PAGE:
Top neuroscientists from Canada and around the world are meeting next week in Toronto. The Seventh Annual Canadian Neuroscience Meeting will showcase the latest in research findings about the brain, the nervous system and reveal clues to understanding the disorders that affect them.
"Canada is a leader in neuroscience research, and this meeting will showcase the best of neuroscience research done here and around the world," says Sam David, President of the Canadian Association for Neuroscience. He also reminds us that " Neurological conditions or injuries can affect anyone, irrespective of their age, origin or income level. Our role as neuroscientists is to understand the workings of the normal brain and how it malfunctions in injury and disease. In turn, this understanding will be used to help the estimated one in three Canadians who will be affected by a neurological condition in their lifetime. "
This year's public lecture, " The hope and the hype: stem cells for brain repair " by University of Toronto professors Freda Miller and Cindi Morshead, will expose the latest research developments about stems cells in our brains and bodies, and how they could be used to repair injured brains and nerves. More details about this event can be found here: http://www.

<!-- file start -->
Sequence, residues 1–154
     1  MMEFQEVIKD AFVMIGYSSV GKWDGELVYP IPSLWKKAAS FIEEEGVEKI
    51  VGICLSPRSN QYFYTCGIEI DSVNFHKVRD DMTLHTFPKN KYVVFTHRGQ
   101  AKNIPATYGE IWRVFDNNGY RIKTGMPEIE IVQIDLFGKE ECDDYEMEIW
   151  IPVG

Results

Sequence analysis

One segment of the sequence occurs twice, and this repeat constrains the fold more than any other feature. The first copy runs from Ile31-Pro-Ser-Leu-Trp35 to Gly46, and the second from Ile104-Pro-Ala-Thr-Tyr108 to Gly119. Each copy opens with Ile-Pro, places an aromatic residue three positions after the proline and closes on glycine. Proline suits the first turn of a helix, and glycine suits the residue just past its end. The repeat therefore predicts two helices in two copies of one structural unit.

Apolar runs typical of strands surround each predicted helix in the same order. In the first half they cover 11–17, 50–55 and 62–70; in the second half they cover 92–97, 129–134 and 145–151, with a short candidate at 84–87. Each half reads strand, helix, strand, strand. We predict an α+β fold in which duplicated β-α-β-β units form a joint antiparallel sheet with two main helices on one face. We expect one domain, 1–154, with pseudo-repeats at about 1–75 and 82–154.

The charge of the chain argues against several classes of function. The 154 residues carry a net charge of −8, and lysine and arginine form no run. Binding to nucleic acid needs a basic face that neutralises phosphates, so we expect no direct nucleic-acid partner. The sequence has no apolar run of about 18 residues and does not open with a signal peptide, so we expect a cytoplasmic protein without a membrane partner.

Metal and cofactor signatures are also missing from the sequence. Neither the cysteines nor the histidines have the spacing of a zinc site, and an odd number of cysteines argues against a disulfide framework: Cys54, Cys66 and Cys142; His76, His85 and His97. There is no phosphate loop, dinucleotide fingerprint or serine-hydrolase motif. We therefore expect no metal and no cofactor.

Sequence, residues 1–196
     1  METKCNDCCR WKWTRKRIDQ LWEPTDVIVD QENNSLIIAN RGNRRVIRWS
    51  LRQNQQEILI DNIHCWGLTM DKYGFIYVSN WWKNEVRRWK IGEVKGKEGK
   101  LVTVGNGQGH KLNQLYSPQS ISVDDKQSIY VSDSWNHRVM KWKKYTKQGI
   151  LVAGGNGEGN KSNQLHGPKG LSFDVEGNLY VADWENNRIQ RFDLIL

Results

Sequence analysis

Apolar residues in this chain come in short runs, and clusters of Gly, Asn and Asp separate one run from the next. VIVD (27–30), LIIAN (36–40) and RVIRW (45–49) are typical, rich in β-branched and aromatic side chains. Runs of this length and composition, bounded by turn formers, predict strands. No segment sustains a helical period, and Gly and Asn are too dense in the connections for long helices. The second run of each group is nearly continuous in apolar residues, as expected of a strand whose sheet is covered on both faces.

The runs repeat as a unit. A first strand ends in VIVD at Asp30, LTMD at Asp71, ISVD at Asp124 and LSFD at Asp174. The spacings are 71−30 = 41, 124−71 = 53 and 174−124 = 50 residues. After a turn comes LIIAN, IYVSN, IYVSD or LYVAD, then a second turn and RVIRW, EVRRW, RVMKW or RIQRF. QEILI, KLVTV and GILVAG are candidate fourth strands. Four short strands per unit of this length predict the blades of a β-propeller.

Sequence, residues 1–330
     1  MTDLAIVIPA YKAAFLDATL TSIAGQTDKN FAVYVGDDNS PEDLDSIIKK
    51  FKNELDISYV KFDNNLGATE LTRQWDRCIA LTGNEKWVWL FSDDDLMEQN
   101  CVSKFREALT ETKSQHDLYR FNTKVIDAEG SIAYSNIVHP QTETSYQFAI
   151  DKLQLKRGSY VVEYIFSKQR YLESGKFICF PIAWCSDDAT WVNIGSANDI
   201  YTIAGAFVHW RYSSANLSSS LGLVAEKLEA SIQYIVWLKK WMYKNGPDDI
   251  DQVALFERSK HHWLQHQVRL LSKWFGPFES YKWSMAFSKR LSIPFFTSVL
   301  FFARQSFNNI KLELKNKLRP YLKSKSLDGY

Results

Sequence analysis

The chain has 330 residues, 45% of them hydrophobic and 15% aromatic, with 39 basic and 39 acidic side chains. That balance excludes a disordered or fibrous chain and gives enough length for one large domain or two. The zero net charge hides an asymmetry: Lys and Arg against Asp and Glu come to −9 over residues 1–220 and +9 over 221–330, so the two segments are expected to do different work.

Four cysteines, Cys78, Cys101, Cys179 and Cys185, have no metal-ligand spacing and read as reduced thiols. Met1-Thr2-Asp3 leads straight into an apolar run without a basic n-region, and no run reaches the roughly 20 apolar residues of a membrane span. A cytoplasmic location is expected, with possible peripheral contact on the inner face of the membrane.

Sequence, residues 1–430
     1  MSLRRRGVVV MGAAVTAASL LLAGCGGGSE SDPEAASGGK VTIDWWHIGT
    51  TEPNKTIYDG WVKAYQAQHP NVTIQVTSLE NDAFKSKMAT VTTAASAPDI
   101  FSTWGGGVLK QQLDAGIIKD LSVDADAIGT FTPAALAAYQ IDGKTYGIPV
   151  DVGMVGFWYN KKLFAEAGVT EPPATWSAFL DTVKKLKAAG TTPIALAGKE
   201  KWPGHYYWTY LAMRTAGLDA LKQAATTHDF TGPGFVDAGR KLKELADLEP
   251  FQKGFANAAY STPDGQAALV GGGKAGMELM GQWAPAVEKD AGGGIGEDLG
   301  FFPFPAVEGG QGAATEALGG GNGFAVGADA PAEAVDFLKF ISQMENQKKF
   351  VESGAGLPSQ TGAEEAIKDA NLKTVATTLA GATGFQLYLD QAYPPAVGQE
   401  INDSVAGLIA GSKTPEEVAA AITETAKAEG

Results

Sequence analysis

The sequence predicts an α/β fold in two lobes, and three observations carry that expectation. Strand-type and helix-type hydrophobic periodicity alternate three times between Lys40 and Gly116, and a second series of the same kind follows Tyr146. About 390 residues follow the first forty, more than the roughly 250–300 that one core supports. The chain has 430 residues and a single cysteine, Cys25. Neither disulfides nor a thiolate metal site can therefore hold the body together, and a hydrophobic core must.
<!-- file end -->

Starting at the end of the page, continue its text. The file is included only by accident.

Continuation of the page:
The opening reception will feature presentation of the CAN 2013 Young Investigator Award to Dr. Shayna Rosenbaum from York University, and the Barbara Turnbull award to Dr. Stephen Scott from Queen's University. More details about the prizes and winners can be found on the 2013 prize webpage, at: http://www.
Current research about the influence of heredity on our brain and behaviour, food addiction, the latest in brain imaging techniques and how they are used to help patients today, mechanisms of memory, pain research and Alzheimer's disease are amongst the topics that will be discussed at the meeting. The full program of the meeting is available online here: http://www.
About the Canadian Association for Neuroscience:
The Canadian Association for Neuroscience is the largest association dedicated to the promotion of all fields of neuroscience research in Canada. The association has been organizing a yearly annual meeting since 2007. Learn more about us on our website: http://www.
Please contact Julie Poupart (firstname.lastname@example.org), Communications Director for the Canadian Association for Neuroscience, for further information, to receive a press pack, or to request an interview with a neuroscientist.